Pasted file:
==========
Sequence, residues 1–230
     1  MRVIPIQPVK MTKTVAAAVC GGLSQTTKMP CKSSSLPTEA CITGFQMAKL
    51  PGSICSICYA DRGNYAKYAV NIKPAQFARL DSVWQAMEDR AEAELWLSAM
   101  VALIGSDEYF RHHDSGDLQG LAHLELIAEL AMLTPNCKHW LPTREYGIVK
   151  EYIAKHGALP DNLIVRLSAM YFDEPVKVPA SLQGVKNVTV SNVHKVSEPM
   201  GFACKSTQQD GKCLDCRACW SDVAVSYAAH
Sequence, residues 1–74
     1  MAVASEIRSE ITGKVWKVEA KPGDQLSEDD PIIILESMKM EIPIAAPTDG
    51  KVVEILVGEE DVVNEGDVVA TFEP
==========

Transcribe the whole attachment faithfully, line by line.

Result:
Sequence, residues 1–230
     1  MRVIPIQPVK MTKTVAAAVC GGLSQTTKMP CKSSSLPTEA CITGFQMAKL
    51  PGSICSICYA DRGNYAKYAV NIKPAQFARL DSVWQAMEDR AEAELWLSAM
   101  VALIGSDEYF RHHDSGDLQG LAHLELIAEL AMLTPNCKHW LPTREYGIVK
   151  EYIAKHGALP DNLIVRLSAM YFDEPVKVPA SLQGVKNVTV SNVHKVSEPM
   201  GFACKSTQQD GKCLDCRACW SDVAVSYAAH
Sequence, residues 1–74
     1  MAVASEIRSE ITGKVWKVEA KPGDQLSEDD PIIILESMKM EIPIAAPTDG
    51  KVVEILVGEE DVVNEGDVVA TFEP